A couple hikes that are easier to pick up along the Long Path in the Catskills include the upper trailhead of Kaaterskill Falls (5) (Kaaterskills High Peak via the Long Path; 12.2 miles roundtrip), the infamous Devils Path (6) (22.4 miles roundtrip) in Elka Park where you can cross the Long Path into Devils Path continued or Indian Head MT (7) (10.8 miles roundtrip). On all three of these hikes there are shorter route options at the trailheads if you are not looking to do the entire thing. Many of the trails only have street side parking without full on lots because there are just so many smaller hiking options throughout the park. Kaaterskill falls for example is great to see and there are many shorter hikes like the one that will take you from the upper falls to lower, given many stairs, it’s only 1.4 miles round trip but you would not cross the Long Path. In this area of the Catskills range there are very curvy roads and deep forests covered in old homes and the silence of nature. Aside from just the Long Path intersecting through this area of New York, you may also run into the Finger Lakes Hiking Trail (8) which could take you all the way to North Dakota. 



As soon as you’ve gotten your fair share and overall experience in this area, you’ll head out north of the Catskills park, hopefully feeling fulfilled and ready to move on to the end. The Long Path follows through to an area that is outside of the park limits and you’ll experience more destruction in nature as it is not protected in the same type of way although still magnificent. The trail begins to make greater curves leaning way of the northeast connecting us to the Schenectady/ Albany area. En route to Albany we pass through Middleburgh, New York which is home to a very early Native American travel route which then turned into an English settlers route called Vromans Nose Loop Trail (9), which also intersects with the Long Path. You can pick up this trail and just hike the loop itself which is 1.5 miles round trip. It has some very distinct views of the valley and is rich in history. The history of this timeline within the Native Americans pathway will take you straight up into Schenectady and into Saratoga where you will reach the end of the trail just north in Adirondack Park. Schenectady and Albany are home to the Mohawk Tribe of the Iroquois Nation and the Mohican.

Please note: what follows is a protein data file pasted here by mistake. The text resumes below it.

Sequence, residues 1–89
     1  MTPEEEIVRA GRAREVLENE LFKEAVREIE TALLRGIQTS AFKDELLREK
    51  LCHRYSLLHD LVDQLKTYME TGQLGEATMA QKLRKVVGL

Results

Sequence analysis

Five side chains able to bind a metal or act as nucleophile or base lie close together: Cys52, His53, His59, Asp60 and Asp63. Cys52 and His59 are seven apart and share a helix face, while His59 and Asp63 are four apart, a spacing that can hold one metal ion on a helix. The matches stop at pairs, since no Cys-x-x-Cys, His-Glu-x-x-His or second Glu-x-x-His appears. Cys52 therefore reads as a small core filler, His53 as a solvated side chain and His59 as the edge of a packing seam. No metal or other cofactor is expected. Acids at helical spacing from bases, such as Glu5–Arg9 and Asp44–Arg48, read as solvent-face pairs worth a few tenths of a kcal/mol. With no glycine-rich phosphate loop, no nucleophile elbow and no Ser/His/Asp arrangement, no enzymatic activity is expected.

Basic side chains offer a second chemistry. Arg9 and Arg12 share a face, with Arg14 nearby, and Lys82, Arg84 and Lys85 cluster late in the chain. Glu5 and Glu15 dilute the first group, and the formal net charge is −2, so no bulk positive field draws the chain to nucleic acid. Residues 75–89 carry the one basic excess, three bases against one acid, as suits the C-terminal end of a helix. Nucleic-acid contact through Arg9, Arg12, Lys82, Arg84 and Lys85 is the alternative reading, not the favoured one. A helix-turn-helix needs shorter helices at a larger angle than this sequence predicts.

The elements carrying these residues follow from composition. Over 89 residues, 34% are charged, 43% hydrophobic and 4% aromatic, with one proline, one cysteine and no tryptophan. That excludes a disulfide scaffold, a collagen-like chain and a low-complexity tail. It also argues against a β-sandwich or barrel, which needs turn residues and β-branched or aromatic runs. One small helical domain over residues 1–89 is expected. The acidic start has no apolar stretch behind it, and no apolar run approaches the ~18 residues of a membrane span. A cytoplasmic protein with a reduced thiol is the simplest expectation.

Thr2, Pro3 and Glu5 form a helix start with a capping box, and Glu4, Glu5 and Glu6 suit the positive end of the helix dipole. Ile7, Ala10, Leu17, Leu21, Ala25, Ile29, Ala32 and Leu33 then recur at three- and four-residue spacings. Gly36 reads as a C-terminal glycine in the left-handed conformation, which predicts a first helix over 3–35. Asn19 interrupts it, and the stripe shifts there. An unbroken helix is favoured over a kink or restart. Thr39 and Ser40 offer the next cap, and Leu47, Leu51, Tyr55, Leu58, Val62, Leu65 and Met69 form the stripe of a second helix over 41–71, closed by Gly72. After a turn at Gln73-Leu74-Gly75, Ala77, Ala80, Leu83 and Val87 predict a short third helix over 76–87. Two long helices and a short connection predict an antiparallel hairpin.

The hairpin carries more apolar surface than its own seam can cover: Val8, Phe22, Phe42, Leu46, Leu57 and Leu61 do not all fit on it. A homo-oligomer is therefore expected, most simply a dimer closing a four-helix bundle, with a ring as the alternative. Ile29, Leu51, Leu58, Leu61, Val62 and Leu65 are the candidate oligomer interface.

Just North of Middleburgh is where the Catskills range truly ends and you’re left to open fields and the Helderberg Escarpment and mountains. The Long Path continues into John Boyd State Park, up through Amsterdam and into Saratoga where you will eventually hit Great Sacandaga Lake (10). While here, you must pull out that swim suit again for a well deserved dip into this 29 mile long lake. A great place to end a journey and a great place to begin the next one into the Adirondacks. 


Ten trailheads to pick up along the Catskills Long Path